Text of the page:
Bring Out Your Dead (TVs)
By ERICA GIES
SAN FRANCISCO — Moore’s law, which has held true for more than 40 years, states that the number of transistors that can fit on an integrated circuit doubles approximately every two years. The world economy has reaped the benefits of this maxim, with ever-sleeker and more powerful electronics. But the phenomenon has also created up to 50 million metric tons annually of obsolete waste, according to the United Nations.
In February, Best Buy, the largest electronics retail chain in the United States, upgraded its take-back and recycling program to make it one of the most comprehensive in the country. The chain’s 1,028 U.S. stores now accept televisions with screens of up to 32 inches, or 81.3 centimeters; products with cathode ray tubes; monitors; laptops; cellphones and other consumer electronics. Items are accepted for free or the store levies a $10 charge, against which customers receive a $10 gift card.
A pick-up program takes larger items like console TVs and appliances.
While Staples, Office Depot, and other U.S. chains take back some electronics, they do not accept televisions. “It’s not comprehensive if you’re excluding an entire category of electronics, particularly one that is so challenging to recycle,” said Barbara B. Kyle, national coordinator for the Electronics TakeBack Coalition, which promotes responsible electronics recycling.
Manufacturer responsibility is also on the rise. A year ago, Sony was the only TV maker to take back its old sets: now five others do so — LG, Samsung, Panasonic, Toshiba, and Sharp. But most take delivery at their recycling partners’ locations, which are usually in industrial parts of town.
Best Buy’s program is likely to be more popular because takes back televisions at its stores, which are more convenient for most consumers. The chain currently accepts the cost of recycling these TVs, although it is negotiating with manufacturers over who should pay.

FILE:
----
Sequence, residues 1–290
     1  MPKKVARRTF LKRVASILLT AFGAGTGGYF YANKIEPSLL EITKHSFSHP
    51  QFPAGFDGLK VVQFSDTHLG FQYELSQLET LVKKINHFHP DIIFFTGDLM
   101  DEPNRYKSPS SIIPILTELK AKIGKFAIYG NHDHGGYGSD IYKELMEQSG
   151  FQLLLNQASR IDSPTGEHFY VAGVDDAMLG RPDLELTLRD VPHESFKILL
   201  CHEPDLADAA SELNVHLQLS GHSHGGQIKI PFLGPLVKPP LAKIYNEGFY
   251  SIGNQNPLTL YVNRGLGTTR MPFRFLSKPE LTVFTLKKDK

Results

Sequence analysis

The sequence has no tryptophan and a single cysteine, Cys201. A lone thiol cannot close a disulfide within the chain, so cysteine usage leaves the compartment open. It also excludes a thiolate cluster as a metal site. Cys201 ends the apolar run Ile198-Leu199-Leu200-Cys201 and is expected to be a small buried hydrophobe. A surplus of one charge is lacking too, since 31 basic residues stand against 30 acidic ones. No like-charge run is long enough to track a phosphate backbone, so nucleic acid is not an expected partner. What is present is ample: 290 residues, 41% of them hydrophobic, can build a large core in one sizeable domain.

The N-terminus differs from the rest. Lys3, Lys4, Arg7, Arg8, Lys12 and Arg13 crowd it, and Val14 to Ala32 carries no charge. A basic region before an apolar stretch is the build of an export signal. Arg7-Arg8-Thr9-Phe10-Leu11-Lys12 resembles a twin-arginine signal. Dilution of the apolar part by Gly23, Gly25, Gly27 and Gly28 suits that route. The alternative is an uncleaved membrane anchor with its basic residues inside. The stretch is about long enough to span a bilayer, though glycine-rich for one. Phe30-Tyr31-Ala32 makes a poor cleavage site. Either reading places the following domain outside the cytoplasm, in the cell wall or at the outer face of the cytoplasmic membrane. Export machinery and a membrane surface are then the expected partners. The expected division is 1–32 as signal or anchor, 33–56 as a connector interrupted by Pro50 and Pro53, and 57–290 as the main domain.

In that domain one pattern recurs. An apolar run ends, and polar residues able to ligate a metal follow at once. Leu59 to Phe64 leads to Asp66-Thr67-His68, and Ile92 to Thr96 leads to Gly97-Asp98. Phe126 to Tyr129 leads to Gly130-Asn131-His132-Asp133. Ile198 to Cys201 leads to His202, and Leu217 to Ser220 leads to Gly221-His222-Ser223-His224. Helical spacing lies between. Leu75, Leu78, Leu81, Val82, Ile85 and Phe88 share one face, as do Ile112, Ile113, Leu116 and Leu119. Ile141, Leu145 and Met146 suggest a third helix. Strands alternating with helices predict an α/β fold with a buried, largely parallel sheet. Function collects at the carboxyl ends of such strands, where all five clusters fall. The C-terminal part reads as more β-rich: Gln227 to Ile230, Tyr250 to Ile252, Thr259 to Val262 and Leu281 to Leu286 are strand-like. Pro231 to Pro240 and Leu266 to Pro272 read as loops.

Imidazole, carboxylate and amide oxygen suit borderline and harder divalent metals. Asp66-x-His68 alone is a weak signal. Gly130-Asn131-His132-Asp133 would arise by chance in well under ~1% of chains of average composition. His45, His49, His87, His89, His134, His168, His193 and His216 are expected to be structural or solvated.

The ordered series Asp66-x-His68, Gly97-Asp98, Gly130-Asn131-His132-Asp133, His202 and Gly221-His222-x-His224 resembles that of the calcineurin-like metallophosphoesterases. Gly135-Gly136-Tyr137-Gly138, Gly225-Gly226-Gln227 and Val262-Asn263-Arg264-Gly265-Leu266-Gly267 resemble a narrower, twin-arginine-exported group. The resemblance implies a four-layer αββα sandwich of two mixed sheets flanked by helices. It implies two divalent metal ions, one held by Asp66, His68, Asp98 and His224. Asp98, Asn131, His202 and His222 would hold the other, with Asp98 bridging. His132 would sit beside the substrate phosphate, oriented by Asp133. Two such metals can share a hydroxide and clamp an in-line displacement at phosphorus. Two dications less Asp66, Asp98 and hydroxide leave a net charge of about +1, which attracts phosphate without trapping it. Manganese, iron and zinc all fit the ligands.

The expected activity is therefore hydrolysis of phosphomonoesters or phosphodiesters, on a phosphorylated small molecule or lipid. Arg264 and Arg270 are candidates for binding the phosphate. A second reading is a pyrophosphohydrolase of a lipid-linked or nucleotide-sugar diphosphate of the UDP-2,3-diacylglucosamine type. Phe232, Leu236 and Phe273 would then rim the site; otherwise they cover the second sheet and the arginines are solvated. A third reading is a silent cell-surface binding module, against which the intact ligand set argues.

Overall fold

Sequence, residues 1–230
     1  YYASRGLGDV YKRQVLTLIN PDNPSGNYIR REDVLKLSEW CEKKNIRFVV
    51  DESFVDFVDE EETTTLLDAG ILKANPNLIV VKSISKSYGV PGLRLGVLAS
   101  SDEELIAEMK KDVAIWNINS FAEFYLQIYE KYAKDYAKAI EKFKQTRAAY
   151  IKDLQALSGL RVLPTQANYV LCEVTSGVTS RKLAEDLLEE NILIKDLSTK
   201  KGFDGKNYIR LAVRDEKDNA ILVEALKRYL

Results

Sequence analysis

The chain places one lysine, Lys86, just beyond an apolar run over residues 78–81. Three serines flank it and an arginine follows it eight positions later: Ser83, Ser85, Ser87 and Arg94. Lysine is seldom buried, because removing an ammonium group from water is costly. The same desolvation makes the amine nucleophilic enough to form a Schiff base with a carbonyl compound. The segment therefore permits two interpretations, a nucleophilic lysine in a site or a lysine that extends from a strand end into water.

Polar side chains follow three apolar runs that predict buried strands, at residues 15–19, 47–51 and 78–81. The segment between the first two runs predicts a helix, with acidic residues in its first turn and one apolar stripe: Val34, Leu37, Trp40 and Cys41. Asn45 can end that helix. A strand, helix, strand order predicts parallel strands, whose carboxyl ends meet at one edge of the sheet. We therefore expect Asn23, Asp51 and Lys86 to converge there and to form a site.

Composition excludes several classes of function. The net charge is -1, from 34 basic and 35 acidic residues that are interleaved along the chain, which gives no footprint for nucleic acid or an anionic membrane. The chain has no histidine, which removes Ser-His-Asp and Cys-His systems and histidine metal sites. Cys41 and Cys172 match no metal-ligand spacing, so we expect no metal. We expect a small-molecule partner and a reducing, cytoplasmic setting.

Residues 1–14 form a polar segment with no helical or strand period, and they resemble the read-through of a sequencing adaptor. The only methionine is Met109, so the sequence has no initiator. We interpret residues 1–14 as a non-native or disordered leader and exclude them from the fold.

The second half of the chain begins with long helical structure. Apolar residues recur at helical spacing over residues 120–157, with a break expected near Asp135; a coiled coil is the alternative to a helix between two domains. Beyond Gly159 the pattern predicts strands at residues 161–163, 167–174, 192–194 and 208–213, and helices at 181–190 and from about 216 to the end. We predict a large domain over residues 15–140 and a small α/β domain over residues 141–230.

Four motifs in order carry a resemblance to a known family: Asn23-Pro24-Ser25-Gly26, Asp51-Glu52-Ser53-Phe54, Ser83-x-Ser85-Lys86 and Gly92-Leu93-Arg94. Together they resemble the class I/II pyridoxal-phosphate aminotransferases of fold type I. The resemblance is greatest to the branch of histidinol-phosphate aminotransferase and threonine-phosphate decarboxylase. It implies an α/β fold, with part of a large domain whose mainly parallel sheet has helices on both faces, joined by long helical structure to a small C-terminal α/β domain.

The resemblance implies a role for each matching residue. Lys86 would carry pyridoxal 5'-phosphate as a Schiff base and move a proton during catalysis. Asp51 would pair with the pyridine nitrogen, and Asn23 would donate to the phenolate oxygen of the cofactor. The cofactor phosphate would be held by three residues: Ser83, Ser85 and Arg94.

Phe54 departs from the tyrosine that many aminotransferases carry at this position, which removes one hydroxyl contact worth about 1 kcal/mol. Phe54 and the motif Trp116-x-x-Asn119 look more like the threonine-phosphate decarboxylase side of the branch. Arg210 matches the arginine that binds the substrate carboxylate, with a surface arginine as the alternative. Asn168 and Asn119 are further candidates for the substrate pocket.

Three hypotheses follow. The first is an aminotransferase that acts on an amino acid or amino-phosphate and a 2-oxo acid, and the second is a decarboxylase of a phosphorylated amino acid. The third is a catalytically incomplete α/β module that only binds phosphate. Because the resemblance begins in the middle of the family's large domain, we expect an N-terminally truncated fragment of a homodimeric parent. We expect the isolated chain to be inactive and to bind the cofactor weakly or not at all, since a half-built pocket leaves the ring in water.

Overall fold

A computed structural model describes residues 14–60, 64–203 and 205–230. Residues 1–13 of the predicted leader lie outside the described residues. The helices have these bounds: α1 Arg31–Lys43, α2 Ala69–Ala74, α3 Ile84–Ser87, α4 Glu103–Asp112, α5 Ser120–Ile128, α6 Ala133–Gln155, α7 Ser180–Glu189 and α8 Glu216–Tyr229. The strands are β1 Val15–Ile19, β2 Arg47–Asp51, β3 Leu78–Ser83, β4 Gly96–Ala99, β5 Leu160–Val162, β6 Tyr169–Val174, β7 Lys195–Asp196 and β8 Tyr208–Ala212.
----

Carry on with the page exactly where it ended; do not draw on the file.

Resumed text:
Accepting the waste is just a start. Electronic waste is often shipped to developing countries for recycling, a practice that environmentalists tried, with limited success, to outlaw in 1995 through the so-called BAN Amendment to the Basel Convention, an international treaty on hazardous waste disposal.
“We think export is not legitimate and needs to stop,” said Jim Puckett, executive director of the Basel Action Network, or BAN.
On May 12, the computer manufacturer Dell announced that it would not export any nonworking equipment to developing countries. “Dell is drawing a very sharp and bright line,” said Ms. Kyle. “It just cuts through the confusing jargon and nuance. That puts them at the head of the class.”
Still, Dell does not disclose its recycling partners. The TakeBack coalition is pushing for greater openness in recycling programs because “in an arena where there’s so much cheating going on, transparency helps improve some of that,” said Ms. Kyle.
Best Buy’s export policy is not as strict as Dell’s, but it has published on its Web site both its standards and its recycling partners.
Ms. Kyle said she was pleased to see the company’s efforts toward openness but was concerned about the vagueness of some statements, which, she said, left “wiggle room.” For example, she takes issue with Best Buy’s statement: “The dumping of electronic waste on developing countries should be prohibited.”
“Is Best Buy going to prohibit that?” she asked. “That’s a very different statement than saying, ‘We will make sure that our exports from our program do not go to developing countries.”’
A Best Buy spokeswoman, Kelly Groehler, clarified the published statement. “We do not condone the illegal dumping of materials in other countries,” Ms. Groehler said. “We will cease a relationship with any vendor that practices that.”
Auditing is vital to tracking waste on its path through multiple handlers. Best Buy recently hired the Shaw Group to conduct audits on its recycling partners. But these will be internal, rather than independent, third-party audits; and Best Buy does not intend to disclose the auditing methods.
“We’re not perfect at this,” Ms. Groehler said. “we realize we have got a long ways to go.”